272

I'm using Visual Studio Code in order to debug a Python script.

Following this guide, I set up the argument in the launch.json file:

Enter image description here

But when I press on Debug, it says that my argument is not recognized and Visual Studio Code says:

error: unrecognized arguments

Enter image description here

As Visual Studio Code is using PowerShell, let's execute the same file with the same argument:

Enter image description here

So: the same file, same path, and same argument. In the terminal it is working, but not in Visual Studio Code.

Where am I wrong?

1
  • None of the solutions below worked for me, even after restarting and spending a hour with this! Anyone else has some recommendation? This was working a few months ago for me.
    – Raaka
    Nov 17, 2022 at 14:15

10 Answers 10

327

I think the --City and Auckland are used as a single argument. Maybe try separating them like so...

Single argument

"args": ["--city","Auckland"]

Multiple arguments and multiple values

Such as:

--key1 value1 value2 --key2 value3 value4

Just put them into the args list one by one in sequence:

"args": ["--key1", "value1", "value2", "--key2", "value3", "value4"]
9
  • 3
    What if I have several arguments, like --city Auckland --year 2000?
    – Johannes
    May 29, 2019 at 15:27
  • 8
    Then you do it like "args: ["--city", "Auckland", "--year", "2000"]
    – niid
    Jun 7, 2019 at 10:10
  • 5
    Did someone get nargs to run? args: ["--my-n-args", "4 5"] does not work: error: argument -m/--my-n-args: invalid int value: '4 5' Edit: Found it myself: args: ["--my-n-args", "4", "5"]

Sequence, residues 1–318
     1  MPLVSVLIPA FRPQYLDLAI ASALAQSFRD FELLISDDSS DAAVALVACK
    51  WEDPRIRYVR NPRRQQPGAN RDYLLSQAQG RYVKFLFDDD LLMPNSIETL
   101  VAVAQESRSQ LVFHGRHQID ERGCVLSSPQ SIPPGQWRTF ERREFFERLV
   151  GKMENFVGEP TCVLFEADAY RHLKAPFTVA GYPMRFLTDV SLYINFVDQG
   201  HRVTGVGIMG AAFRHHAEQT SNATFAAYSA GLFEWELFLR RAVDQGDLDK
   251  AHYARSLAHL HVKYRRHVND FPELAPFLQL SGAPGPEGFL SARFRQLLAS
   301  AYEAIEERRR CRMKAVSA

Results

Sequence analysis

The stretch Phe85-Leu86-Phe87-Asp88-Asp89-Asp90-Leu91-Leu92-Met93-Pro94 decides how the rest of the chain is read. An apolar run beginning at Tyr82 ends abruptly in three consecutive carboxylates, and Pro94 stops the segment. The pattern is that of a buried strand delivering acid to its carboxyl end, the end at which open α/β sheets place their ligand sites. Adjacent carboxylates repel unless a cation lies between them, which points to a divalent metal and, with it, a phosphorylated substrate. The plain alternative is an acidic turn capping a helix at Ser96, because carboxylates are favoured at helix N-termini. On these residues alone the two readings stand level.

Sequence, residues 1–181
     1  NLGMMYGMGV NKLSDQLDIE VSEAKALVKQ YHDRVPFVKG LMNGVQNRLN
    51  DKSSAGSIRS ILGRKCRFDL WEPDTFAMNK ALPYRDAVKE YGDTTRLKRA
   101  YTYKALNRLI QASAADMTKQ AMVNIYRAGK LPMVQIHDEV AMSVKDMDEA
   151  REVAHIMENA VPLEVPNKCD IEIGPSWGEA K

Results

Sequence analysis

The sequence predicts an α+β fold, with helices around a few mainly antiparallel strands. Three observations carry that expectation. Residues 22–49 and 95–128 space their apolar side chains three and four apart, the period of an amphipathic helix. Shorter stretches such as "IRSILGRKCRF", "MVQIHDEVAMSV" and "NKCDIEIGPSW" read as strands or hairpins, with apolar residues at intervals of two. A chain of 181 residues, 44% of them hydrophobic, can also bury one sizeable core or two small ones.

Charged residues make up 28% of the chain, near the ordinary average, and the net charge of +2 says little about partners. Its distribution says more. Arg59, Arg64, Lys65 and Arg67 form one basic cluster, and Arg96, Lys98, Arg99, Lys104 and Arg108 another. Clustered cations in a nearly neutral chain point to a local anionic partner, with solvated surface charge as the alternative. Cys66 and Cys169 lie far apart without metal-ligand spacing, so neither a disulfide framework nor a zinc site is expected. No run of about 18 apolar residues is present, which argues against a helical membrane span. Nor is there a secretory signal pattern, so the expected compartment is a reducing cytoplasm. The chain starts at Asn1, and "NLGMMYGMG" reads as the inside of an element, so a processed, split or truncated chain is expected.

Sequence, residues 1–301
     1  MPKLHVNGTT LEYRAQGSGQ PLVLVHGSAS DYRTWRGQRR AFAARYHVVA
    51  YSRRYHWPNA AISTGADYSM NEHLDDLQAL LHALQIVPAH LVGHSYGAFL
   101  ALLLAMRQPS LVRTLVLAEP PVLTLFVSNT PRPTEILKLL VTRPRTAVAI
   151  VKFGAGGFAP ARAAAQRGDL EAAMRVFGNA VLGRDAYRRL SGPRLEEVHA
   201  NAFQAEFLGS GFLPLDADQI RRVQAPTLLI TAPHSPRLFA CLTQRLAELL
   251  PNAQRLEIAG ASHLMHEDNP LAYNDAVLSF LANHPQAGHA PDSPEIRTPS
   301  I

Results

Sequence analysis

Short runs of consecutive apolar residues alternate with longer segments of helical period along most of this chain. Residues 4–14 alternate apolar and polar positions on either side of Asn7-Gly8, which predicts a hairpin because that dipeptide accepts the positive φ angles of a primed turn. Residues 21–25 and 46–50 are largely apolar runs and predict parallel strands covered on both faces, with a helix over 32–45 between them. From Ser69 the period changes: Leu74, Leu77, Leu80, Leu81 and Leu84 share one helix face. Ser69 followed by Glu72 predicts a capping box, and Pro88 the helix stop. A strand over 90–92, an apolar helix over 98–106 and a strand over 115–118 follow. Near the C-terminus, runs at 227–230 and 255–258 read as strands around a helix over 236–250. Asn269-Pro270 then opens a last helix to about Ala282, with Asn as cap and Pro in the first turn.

– oli-ver
    Jun 15, 2019 at 11:30
  • 1
    How can I do the same if I do not have any key? I would like to run something like my_program.py train. How can I add the argument "train" that is without any key?
    – konstantin
    Dec 1, 2019 at 14:56
  • 1
    @konstantin that would be args: ["train"] Arguments are just passed to your program by the shell as an array of strings, and here you are defining an array of strings in json format. The Python sys module presents these as a list of strings.
    – Rob Fisher
    Jan 14, 2020 at 18:17
130

I also noticed that if you run the script by clicking on the debug button that looks like this enter image description here, then the arguments are not passed. However, using Run -> Start Debugging (or its shortcut F5) passed the arguments successfully.

7
  • 3
    Me too, I was using Python: Run Python File in Terminal the whole time...
    – Spartan
    Apr 17, 2022 at 2:09
  • @Sourya Dey Is there any workaround to fix that and make it get the arguments from the Debug button? Oct 19, 2022 at 18:25
  • 8
    2023 and this bug is still there.
    – Ahmad Anis
    Mar 25, 2023 at 11:02
  • 2
    I've spent the last 30 minutes banging my head against the wall wondering why pressing that button in the upper right wasn't reading my script's arguments. Arg indeed!
    – Nick
    Mar 29, 2023 at 4:37
  • 1
    For seekers, the issue and resolution is here: github.com/microsoft/vscode-python/issues/18199
    – GaetaWoo
    Jul 26, 2023 at 15:54
40

If clicking the "Debug python file" doesn't pass the arguments then add "purpose": ["debug-in-terminal"] in the launch.json file

{"version": "0.2.0",
  "configurations": [
    {
      "name": "Python: Current File",
      "type": "python",
      "request": "launch",
      "program": "${file}",
      "console": "integratedTerminal",
      "justMyCode": true,
      "args": ["--experimentName", "Debugging"],
      "purpose": ["debug-in-terminal"]
    }
  ]
}
7
  • 1
    Thank you, I was missing the 'purpose' key. After reading your comment, I added it and it worked.
    – JRun
    Dec 11, 2022 at 12:03